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In December last year, the Lanvin Group—controlled by the Chinese conglomerate Fosun–went public. The buildup to the big move saw a consolidation of the brand expressed in a more streamlined proposal for the house. Last season, it materialized in a “full wardrobe” approach to luxury that dialed down the opulent decoration and playful motifs that had characterized creative director Bruno Sialelli’s work. He continued that methodology in a measured Sunday morning show set under the vaulted ceilings of the Collège des Bernardins, a former Cistercian college from the 13th century that now serves as a center for theology.

Inspired by his venue, Sialelli watched the 1978 Éric Rohmer film Perceval le Gallois, a highly stylized medieval knight’s tale with naive drawings for backdrops. In the beginning of his Lanvin career, the result would have unfolded in the childlike creations that embodied his men’s collections, but bar a few boys in knitted jumpsuits, he stuck to a mature language in both silhouette and texture. His muted palette was interrupted only by accents of color in accessories and jewelry. The women’s tailoring manifested in ladylike double-layered blazers and sharp-shouldered jackets and coats he attributed to another film, the Isabelle Adjani–starring Possession from 1981.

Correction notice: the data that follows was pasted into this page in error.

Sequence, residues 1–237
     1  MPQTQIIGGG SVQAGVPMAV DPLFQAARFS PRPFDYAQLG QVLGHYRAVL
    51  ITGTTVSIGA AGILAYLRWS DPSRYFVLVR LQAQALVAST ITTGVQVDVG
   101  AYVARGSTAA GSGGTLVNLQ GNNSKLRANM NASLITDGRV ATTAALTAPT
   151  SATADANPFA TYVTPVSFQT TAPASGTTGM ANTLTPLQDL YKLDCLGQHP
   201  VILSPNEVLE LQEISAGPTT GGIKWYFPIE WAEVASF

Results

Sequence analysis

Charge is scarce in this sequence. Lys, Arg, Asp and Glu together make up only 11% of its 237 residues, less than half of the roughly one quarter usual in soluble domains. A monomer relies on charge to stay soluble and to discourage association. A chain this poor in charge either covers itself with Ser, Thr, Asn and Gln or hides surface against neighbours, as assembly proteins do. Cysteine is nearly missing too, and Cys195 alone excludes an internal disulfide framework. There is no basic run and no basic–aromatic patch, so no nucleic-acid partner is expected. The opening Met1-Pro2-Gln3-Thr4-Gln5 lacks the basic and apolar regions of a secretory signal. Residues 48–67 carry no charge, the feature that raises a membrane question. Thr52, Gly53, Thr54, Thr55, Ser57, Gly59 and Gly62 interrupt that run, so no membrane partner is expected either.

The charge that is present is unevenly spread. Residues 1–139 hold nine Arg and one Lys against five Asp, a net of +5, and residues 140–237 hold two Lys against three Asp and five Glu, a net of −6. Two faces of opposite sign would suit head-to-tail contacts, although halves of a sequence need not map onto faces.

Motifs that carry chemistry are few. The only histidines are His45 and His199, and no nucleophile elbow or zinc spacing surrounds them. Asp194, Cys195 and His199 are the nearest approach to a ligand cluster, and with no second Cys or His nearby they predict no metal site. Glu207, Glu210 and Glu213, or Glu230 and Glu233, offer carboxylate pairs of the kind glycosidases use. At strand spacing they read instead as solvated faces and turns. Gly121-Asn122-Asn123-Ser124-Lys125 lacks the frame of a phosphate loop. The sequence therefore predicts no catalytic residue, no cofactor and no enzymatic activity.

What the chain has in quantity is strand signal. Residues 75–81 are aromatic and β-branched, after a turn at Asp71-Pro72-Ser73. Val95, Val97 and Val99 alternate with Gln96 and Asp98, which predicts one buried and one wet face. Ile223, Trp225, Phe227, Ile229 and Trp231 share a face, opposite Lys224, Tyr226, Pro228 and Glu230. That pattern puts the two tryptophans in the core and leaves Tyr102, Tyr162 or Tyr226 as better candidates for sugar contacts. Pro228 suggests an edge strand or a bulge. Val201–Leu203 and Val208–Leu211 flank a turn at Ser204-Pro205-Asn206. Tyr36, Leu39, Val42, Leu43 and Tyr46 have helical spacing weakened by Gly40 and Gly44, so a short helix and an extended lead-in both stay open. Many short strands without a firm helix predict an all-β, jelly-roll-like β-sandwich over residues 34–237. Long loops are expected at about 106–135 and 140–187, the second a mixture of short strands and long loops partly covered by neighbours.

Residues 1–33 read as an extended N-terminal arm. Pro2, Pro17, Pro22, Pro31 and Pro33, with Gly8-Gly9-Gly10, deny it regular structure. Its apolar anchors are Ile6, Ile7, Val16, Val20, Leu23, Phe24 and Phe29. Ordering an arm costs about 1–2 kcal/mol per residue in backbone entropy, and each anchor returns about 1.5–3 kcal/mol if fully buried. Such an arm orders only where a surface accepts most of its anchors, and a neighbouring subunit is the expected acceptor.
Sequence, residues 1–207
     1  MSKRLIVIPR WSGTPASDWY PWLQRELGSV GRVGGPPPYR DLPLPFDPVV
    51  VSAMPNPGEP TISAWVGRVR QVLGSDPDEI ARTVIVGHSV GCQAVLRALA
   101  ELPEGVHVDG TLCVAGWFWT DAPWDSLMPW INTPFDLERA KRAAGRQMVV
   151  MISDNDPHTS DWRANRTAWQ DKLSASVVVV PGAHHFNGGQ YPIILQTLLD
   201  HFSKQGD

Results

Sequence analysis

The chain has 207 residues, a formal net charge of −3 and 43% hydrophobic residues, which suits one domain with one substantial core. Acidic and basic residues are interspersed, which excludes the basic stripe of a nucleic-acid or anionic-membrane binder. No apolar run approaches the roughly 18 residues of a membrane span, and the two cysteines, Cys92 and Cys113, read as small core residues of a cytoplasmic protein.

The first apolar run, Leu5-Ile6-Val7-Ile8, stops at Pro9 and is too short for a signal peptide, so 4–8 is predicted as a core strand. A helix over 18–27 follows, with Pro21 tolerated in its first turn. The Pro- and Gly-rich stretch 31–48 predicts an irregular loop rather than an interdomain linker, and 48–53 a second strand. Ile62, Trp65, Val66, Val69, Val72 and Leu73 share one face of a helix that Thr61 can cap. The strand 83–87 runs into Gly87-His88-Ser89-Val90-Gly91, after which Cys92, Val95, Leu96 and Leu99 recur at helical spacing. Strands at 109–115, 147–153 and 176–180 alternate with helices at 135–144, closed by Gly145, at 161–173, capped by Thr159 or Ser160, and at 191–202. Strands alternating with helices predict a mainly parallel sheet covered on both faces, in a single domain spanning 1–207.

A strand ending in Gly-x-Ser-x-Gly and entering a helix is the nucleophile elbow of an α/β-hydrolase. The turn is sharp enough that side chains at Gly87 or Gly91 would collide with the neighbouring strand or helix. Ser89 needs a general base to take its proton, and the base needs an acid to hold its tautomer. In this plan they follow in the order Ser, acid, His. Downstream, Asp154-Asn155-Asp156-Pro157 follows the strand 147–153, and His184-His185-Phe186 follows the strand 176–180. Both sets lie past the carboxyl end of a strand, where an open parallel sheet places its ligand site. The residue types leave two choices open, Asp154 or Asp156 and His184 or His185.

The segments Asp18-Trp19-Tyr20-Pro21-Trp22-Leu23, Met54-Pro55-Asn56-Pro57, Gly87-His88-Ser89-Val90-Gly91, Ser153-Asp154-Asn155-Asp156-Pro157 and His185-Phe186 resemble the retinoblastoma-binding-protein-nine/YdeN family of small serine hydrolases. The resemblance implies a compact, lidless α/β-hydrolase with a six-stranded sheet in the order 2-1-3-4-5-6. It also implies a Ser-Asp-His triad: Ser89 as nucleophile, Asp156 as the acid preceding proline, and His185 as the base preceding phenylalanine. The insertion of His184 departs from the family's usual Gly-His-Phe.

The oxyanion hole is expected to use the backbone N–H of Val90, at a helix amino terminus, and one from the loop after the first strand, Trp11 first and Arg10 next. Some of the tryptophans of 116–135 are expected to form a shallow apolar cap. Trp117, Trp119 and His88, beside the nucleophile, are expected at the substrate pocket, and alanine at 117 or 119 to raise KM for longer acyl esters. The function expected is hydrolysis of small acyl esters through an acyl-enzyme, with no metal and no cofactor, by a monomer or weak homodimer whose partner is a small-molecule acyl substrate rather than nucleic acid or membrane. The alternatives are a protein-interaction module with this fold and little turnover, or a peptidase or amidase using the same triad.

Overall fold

His men’s tailoring cut a conservative line but was amplified in fabrications like “poodle” mohair and croc-embossed leather, likewise used in the womenswear. Those elements set the tone for a collection that approached the glamour characteristic of Sialelli’s work prior to last summer’s “reset” in texture and surface decoration. They didn’t scream “opulence,” but materials like those faux exotics and fluffy wools, tinseled velvets, sumptuous sequins, and rustling glass beads that adorned cocktail and evening dresses all fell under the category of textures that seduce the senses; things that stimulate that catnip effect of glamour.

“[There] is a bit more strength in the direction,” Sialelli said, comparing this collection to his last. “I think it expresses very well what place Lanvin takes in our landscape, in the eveningwear, in the tailoring, in the embellishment, in the emotion of the fabrics.” Sometimes it felt a little bit like some of these creations—such as the magnified, super-relaxed robes de style adaptations that closed the show—were dying to erupt into more extravagant versions of themselves. But the newly toned-down brand delivered plenty of viable and elegant wardrobe pieces to take its wearer from day to evening, as Sialelli set out to do with his Lanvin 2.0.